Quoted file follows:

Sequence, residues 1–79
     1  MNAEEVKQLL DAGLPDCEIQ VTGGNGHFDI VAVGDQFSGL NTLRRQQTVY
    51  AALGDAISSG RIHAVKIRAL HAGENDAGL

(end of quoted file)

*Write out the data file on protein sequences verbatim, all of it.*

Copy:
Sequence, residues 1–79
     1  MNAEEVKQLL DAGLPDCEIQ VTGGNGHFDI VAVGDQFSGL NTLRRQQTVY
    51  AALGDAISSG RIHAVKIRAL HAGENDAGL